Oklahoma City Thunder: Kemba Walker
If the Oklahoma City Thunder trade Kemba Walker before the veteran point guard even plays a game with the franchise, it'd diverge from their recent M.O.
With Al Horford and Chris Paul before him as the latest examples, OKC prefers to take on distressed assets, position them to succeed and then flip them for value. Few teams have mastered the art of serving as a waystation for unwanted commodities like the Thunder over the last couple of years.
Walker has a great chance to improve on what he did with the Boston Celtics last season—partly because the bar is low, but also because the stakes might be even lower. The Thunder, still very early in their rebuild, don't exactly get the opponent's best punch every night. If healthy, the four-time All-Star could rehab his rep by tearing it up against checked-out defenses.
This is about who'll get dealt this summer, though. It's admittedly more likely Walker will be moved either during the 2021-22 season or after it.
Still, Shai Gilgeous-Alexander is too good and too inexpensive to move, and the rest of OKC's roster is populated by little-known, unproven names on rookie-scale or minimum deals. Most of them are new enough to the league that their value in trade isn't even established yet.
Walker is not going to be a fixture in Oklahoma City. That seems certain. So he's still the "winner" here.
Orlando Magic: Terrence Ross
The fact that Terrence Ross is the only player over the age of 30 on the Orlando Magic's books for next year is enough to make him the most obvious trade candidate on its own.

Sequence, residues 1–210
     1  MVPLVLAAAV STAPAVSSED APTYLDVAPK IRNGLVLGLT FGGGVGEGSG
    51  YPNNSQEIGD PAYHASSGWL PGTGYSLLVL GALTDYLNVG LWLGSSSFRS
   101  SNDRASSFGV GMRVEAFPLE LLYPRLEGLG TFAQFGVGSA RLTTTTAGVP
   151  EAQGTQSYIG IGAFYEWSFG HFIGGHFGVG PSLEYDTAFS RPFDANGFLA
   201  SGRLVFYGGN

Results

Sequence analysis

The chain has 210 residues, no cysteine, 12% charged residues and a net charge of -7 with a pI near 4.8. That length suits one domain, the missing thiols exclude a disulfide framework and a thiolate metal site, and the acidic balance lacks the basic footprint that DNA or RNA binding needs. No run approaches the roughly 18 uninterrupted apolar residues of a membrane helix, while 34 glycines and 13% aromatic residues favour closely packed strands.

Orlando is starting all the way over after dealing three veteran starters last year, and first-phase rebuilders (complete with brand-new head coaches) generally don't have much use for veteran gunners. Many other teams do, though, and Ross profiles as a fit on any squad that needs buckets in a hurry off the bench.
Ross is a quintessential scoring sixth man, capable of producing double-digit points in short stints at efficiency rates just below the league average. That might not seem like a ringing endorsement, but his skill set is valuable in a limited role. With Orlando, where he'd be the most established weapon and possibly even the top scoring option, Ross' game is worth much less.
His career averages of 11.4 points on 36.7 percent three-point shooting will travel well.
Philadelphia 76ers: Ben Simmons
Head coach Doc Rivers and franchise player Joel Embiid essentially gave votes of no confidence to Ben Simmons following the Philadelphia 76ers' Game 7 loss to the Atlanta Hawks in the East semifinals.
Though he's since backtracked, Rivers, in the raw moments following defeat, expressed uncertainty about Simmons' big-game capabilities. Embiid indirectly pointed to his teammate's hesitancy as the moment the Sixers lost the series. The MVP runner-up's on-court reaction was less diplomatic.
So the following report cannot come as a surprise.
"The 76ers have opened up trade conversations surrounding Simmons and have engaged with teams," sources told The Athletic's Shams Charania.
The Sixers have been waiting for a different, more complete version of Simmons to develop for a half-decade. Their patience seems to have finally run out.
Phoenix Suns: Jalen Smith
This really comes down to just two players: Jalen Smith and Jevon Carter.
The Phoenix Suns have no reason to move anyone else under contract for the 2021-22 season. The starting five of Chris Paul, Devin Booker, Mikal Bridges, Jae Crowder and Deandre Ayton fit together perfectly. Cameron Johnson is a star in his role and far too valuable to trade on his rookie deal, while Dario Saric's torn ACL means his value is nil until he returns to health.
Smith, picked 10th in the 2020 draft, barely played during his rookie season. Exceptionally thin, not quite ready to help his team win meaningful games and buried behind quality veterans, he never got the opportunity to show what he could do. Maybe what he could do would have been "nothing," but nobody can be sure.